Expert Papers responding to EC consultations on Competition Policy
After the launch of ERT’s flagship paper Competing at Scale: EU Competition Policy fit for the Global Stage in 2019, the ERT Competition Policy Working Group has elaborated 3 Expert Papers as a contribution to the consultations which were launched by the European Commission.
ERT strongly believes in competition policy and enforcement to secure fairer markets as well as strong competition and welcomes the EU’s efforts to explore how competition policy could evolve to reflect changing global market conditions. It is opportune to ensure that the current competition rules are fit for the challenges posed by the modern economy, the particular characteristics of digital platforms and companies that benefit from State support outside the EU.
For European companies to compete successfully at scale in today’s fast-moving economy, they need competition policies that seek to create a global level playing field and that are sufficiently responsive to changing global market conditions, without undue complexity and legal uncertainty.
New Competition Tool (NCT)
ERT queries whether there is an adequate legal basis for an instrument as far-reaching as the NCT and whether there is actually any significant enforcement gap that needs to be filled.
ERT recognises that the Commission could usefully increase the use of existing tools such as sector inquiries, interim measures, speedier and more targeted investigations to establish precedent in shorter timeframes.
However, quick but targeted enforcement against abusive practices of hyper- or super- scalers / super-dominant gatekeepers via an NCT (where it has been clearly identified that the current competition rules are not adequate in terms of powers or timing) should only be implemented to the extent an enforcement gap is clearly established subject to any proposed DSA ex ante regulation, and subject to two critical caveats: (i) that appropriate procedural safeguards are built in, and (ii) that the new rules do not introduce legal uncertainty in the broader economy.
White Paper on levelling the playing field as regards foreign subsidies
European companies are increasingly faced with competition from companies outside the EU that benefit from State support but that are not subject to the same rigorous State aid scrutiny. This puts EU companies at a significant competitive disadvantage. The WTO subsidies regime is insufficient, as the Commission has correctly identified. Its dispute settlement procedures have been critically undermined leading to the inability to deal with unfair State and market practices to the extent that they are covered by WTO rules.
The EU needs a broad, effective and workable regime to appropriately address distortive foreign subsidies, but without making inward investments less attractive or prompting third countries to adopt tit-for-tat rules that would be harmful for European investments abroad. ERT considers that this will require:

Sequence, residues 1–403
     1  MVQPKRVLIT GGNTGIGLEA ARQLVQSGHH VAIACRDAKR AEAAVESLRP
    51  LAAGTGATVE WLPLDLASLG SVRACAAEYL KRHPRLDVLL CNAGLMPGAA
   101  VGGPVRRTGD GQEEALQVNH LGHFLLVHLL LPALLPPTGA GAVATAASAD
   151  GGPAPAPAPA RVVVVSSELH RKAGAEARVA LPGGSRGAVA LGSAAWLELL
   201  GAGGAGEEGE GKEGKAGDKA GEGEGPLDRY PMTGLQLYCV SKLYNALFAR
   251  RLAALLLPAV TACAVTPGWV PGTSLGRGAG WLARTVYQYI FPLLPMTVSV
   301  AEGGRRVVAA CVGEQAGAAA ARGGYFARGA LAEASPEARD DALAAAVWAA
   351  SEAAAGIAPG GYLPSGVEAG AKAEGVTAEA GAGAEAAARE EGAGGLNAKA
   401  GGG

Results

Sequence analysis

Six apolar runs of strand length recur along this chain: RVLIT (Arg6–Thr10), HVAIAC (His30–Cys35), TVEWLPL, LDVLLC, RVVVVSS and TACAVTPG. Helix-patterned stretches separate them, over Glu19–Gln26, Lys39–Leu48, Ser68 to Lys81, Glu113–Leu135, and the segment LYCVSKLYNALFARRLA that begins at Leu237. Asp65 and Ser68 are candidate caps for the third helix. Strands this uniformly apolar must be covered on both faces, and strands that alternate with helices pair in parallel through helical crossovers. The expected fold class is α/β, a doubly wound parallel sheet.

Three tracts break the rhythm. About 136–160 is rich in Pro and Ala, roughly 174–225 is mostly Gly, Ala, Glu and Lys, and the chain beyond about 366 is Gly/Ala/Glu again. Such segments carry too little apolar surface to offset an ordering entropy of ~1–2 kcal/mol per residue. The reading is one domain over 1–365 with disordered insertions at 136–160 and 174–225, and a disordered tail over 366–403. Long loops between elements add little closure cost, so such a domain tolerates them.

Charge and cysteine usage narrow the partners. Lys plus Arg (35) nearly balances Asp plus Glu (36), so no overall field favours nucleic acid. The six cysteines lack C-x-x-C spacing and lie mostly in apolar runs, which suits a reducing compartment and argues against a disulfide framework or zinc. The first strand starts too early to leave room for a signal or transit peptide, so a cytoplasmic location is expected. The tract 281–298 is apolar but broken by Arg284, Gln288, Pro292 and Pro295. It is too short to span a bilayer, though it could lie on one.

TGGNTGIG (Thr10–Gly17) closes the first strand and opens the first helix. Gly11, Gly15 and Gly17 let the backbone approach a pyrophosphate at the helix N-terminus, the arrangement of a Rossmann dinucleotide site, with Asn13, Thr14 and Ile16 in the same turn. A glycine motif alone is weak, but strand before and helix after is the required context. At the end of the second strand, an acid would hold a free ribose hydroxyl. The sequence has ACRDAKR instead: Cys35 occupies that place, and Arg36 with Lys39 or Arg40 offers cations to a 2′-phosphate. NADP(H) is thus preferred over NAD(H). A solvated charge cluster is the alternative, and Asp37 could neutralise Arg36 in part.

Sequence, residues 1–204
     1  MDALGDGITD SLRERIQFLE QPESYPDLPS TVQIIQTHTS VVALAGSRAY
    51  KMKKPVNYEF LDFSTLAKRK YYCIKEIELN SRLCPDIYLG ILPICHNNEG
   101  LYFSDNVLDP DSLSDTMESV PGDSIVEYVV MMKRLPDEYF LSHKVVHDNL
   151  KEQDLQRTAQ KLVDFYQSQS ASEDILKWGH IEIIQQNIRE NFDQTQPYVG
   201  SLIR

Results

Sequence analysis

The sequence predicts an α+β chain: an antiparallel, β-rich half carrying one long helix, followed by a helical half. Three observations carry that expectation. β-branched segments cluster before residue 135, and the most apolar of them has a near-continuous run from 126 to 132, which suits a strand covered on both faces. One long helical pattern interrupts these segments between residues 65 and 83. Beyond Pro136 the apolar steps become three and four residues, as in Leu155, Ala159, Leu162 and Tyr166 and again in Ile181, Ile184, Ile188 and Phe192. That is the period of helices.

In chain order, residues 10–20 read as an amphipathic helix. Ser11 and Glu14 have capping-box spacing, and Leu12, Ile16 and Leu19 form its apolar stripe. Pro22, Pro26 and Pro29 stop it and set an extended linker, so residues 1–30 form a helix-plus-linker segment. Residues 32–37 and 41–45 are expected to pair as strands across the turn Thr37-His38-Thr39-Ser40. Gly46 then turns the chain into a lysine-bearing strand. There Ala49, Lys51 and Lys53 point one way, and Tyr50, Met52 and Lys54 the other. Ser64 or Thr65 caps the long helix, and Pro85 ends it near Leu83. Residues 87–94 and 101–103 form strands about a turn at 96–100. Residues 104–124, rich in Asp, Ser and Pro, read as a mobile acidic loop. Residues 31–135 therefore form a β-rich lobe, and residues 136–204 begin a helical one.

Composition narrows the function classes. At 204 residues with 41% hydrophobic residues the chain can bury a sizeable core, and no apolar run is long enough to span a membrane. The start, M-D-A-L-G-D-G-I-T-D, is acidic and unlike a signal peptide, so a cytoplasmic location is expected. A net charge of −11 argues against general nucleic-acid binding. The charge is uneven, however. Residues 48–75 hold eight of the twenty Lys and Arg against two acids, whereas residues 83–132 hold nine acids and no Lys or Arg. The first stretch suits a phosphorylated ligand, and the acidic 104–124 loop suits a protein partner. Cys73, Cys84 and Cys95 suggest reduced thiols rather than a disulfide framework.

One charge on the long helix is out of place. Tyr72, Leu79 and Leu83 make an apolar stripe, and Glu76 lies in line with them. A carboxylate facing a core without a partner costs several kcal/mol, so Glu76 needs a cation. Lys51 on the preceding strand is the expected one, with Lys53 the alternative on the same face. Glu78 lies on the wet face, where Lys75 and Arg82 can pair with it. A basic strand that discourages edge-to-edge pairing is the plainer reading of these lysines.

- Legal certainty, starting with clear definitions of key concepts such as foreign subsidy, State-owned enterprise (“SoE”) and distortion.
- Enforcement procedures that are not overly burdensome and that can be completed within short timeframes leading to effective redress.
Ensuring that the New Instrument is proportionate, does not discriminate, and is based on transparent and fair processes, will not only minimise the risk of third-country retaliation, but might even help to establish a multilateral or global solution for the control of unfairly distortive subsidies
Market Definition Notice review
The review of the 1997 Market Definition Notice is a timely initiative, especially because the pace of change in many markets has accelerated rapidly in recent years.
ERT encourages the Commission to develop a framework that: (i) provides legal certainty to businesses, (ii) clarifies the precedent value of market definitions in EU Merger Regulation (‘EUMR’) cases for the antitrust self-assessment under Articles 101 (vertical or horizontal agreements) and 102 (in dominance scenarios) and (iii) includes practical examples.
If the view is that, in relation to certain conduct or business scenarios in the digital context in particular, the use of market definition is less important than a broader competitive assessment, such approach should be clearly explained, well-grounded in economic theory, and limited to specific cases, if at all.
Competitive pressure of EU or global markets or players should be taken into account also for the definition of local regions as a market. In addition, the market-definition framework should be consistent with other EU policies, in particular considering the current debate on ensuring a global level playing field.